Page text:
Despite the supposed progress made during the years of occupation, true government influence in Sangin is still far from dependable, let alone universal. Its beleaguered residents conform to the wishes of whichever the “strongest tribe” is at the moment – or whatever local militant group last had a gun to their heads. The Marines and Sailors of 3/7, 3/5, the battalions that followed, and the small number of advisors to the Afghan National Army and Uniformed Police did make progress, but the definition of that progress was relative to the perception of those on the ground who patrolled and had daily conversations similar to this one with Haji Sahib. Little did these Marines realize that the fate of their progress aimed at the “expansion of governance and development” had been doomed for months, when the conditions for mission completion had migrated from a set of standards to a timeline.
In this tiny farmhouse, it quickly became apparent that Hajji Sahib knew the United States and its partners wouldn’t stick around to see the job through, and neither he nor any other peaceful patriarch landowner could be reasonably expected to put his faith in a fledgling government whose resources paled in comparison to its extremist predecessors.
I scribbled away in my green notebook, taking down the pertinent details of the conversation. He believed local business had increased because we had restored cellular service. He respected the Sangin District Governor and his efforts to improve the quality of life for Sangin residents. The Taliban routinely harassed him because of his involvement in the government-operated high school.
He still wanted to know if we planned to stay. “We will be happy if the Marines make their patrol bases near here. That will keep the munafiqeen away,” he said, using the term meaning “hypocrites” to describe the Taliban.
“But if you plan to leave after only a short while, my family will be in greater danger than before you came. Everybody knows about 2014.”
Throughout the district, Marines were having similar conversations with local residents. Both parties knew the truth. While skepticism of our ability to provide lasting security and stability had plagued my other conversations, this was the first time someone had explicitly mentioned the timetable and wanted to discuss the details.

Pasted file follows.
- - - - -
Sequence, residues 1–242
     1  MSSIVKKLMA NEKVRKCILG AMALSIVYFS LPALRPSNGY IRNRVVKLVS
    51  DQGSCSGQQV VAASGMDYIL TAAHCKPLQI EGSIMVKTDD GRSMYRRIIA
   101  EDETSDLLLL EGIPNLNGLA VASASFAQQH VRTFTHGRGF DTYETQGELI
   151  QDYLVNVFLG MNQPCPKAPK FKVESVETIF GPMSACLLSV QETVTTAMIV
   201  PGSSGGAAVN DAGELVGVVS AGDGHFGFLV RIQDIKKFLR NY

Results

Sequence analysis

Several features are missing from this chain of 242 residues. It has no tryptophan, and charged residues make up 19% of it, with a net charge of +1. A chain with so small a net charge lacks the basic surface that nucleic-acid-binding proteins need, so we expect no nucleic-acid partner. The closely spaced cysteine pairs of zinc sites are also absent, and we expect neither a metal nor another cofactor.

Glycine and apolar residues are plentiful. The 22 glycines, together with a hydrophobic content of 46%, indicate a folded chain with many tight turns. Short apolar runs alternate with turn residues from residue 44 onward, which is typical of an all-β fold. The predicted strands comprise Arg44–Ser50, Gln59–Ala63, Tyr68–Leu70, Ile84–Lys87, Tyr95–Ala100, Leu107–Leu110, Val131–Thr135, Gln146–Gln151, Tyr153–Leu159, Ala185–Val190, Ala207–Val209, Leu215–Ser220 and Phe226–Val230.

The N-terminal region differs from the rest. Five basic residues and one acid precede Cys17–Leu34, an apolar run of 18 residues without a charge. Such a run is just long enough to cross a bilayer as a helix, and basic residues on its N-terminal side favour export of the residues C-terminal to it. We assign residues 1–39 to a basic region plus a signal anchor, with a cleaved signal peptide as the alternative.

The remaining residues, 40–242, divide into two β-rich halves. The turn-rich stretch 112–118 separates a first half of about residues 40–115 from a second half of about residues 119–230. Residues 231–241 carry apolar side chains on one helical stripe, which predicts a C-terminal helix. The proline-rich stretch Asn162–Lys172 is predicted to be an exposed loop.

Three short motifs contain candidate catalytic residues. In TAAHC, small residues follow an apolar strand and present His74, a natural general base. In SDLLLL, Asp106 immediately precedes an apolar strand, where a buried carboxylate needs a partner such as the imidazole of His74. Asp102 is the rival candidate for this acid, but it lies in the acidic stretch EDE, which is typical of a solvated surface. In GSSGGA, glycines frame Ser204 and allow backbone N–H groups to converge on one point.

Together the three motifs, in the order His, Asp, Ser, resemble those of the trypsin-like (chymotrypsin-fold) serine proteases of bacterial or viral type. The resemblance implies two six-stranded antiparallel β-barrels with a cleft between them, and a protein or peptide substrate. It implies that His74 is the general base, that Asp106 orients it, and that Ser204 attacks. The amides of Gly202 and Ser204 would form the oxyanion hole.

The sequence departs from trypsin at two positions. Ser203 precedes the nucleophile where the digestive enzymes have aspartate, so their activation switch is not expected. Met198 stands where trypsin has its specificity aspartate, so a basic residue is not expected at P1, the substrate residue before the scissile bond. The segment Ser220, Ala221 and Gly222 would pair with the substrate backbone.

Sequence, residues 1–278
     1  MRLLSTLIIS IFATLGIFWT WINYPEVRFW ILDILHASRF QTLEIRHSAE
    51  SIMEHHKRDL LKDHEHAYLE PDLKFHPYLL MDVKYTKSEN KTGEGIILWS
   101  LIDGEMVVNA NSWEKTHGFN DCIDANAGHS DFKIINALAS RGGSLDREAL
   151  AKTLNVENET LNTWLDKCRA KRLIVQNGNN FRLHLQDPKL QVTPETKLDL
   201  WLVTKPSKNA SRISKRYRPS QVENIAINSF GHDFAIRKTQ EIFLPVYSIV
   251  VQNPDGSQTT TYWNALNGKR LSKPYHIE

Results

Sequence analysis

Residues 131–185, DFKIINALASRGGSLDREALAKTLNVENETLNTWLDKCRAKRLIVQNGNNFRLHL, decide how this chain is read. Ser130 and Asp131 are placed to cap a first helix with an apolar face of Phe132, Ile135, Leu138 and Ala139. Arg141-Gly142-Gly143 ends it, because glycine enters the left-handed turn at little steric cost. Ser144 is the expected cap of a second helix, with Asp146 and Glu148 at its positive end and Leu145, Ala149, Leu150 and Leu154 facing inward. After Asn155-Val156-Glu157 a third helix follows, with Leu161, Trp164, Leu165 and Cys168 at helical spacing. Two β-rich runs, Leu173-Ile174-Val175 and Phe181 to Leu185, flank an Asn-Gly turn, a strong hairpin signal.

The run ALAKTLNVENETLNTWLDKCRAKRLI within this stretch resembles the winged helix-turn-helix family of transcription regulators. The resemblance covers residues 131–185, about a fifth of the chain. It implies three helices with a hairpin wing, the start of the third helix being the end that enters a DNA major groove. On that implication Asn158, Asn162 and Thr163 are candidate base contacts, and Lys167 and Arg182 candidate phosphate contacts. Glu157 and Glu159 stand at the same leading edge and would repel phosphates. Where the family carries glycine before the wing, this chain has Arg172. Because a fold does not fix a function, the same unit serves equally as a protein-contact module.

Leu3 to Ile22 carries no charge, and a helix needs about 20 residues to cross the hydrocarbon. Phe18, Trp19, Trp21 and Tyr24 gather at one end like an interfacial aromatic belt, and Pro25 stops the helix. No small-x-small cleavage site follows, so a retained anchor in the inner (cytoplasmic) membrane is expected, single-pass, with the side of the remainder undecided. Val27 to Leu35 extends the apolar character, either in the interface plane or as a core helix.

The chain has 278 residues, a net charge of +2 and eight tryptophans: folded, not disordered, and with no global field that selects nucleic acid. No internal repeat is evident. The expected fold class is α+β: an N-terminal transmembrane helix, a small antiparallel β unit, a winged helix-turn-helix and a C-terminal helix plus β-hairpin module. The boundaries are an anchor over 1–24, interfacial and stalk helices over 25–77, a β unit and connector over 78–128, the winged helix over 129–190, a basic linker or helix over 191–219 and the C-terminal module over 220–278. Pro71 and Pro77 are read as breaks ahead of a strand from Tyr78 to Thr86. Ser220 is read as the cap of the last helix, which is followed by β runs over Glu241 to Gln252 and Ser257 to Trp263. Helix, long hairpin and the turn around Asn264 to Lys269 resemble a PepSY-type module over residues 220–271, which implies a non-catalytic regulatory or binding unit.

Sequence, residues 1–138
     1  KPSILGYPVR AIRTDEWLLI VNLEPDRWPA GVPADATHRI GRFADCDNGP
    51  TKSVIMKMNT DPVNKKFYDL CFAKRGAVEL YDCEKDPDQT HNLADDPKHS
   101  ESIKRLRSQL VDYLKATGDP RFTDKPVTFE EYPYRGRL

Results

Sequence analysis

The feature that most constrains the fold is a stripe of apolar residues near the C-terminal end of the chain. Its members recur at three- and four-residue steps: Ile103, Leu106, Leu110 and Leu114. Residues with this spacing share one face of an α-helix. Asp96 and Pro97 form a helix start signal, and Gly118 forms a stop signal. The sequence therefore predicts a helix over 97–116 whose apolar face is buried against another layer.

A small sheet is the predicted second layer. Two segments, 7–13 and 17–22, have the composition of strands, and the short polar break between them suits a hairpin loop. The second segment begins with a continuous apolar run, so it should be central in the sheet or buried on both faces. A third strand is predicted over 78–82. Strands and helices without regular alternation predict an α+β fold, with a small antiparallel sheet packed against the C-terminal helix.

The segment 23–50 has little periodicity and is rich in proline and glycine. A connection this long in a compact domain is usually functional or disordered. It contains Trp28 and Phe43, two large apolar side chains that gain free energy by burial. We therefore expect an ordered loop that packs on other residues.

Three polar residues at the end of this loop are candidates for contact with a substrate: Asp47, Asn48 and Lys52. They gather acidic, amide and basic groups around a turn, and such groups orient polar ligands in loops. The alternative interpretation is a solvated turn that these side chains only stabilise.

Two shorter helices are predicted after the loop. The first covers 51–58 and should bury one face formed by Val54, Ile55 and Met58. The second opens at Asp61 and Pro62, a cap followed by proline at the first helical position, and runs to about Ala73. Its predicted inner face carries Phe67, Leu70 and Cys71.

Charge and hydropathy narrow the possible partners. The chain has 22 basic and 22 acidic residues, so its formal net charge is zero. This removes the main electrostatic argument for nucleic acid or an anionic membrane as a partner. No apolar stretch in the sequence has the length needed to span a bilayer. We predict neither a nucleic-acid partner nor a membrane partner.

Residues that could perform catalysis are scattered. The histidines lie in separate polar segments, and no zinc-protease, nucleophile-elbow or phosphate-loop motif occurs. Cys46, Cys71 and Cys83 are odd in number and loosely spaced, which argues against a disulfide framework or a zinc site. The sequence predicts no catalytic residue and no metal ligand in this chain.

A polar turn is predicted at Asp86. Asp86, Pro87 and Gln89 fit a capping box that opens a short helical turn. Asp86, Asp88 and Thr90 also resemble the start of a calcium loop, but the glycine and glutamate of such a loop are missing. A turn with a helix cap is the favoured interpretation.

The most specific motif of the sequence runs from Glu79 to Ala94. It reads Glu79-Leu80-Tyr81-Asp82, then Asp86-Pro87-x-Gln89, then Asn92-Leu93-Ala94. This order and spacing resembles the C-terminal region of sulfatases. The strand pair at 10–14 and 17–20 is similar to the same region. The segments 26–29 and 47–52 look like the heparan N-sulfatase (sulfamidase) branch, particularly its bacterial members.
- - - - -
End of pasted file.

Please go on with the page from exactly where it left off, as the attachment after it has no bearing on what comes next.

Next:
I knew we wouldn’t be able to see his house from our patrol base, but I assured him the Marines were there to stay. It became dark, and his son built a fire to shield the Marines, who were searching the fields for enemy spotters, from the freezing winds.
The Marines from the patrol returned to Hajji Sahib’s house having destroyed a sizable cache of homemade explosives, bomb parts, and high-powered rifles in a nearby collection of compounds. The patrol was deemed a success.
After a hug and a handshake from Hajji Sahib and his son, every Marine thanked the old man and exited the walled compound through the four-foot high doorway.
This man had opened his home to the Marines. He had given them a place from which to watch over their own. Haji Sahib was well aware of the risk he had taken by extending his hospitality to these strangers. Yet his risk was borne of hope that the Marines would stay until they had truly achieved local stability, despite his thirty years of experience that led him to believe the contrary.
As the patrol passed through the adjacent field, winding around the next set of mud walls, Hajji Sahib’s compound became invisible in the darkness. I prayed that his hospitality had not earned him his death.
Karl P. Kadon is a contributor to War on the Rocks. He served four years on active duty in the United States Marine Corps from 2007-2011 as a ground intelligence officer and civil affairs officer.
U.S. Marine Corps photo by Lance Cpl. Dexter S. Saulisbury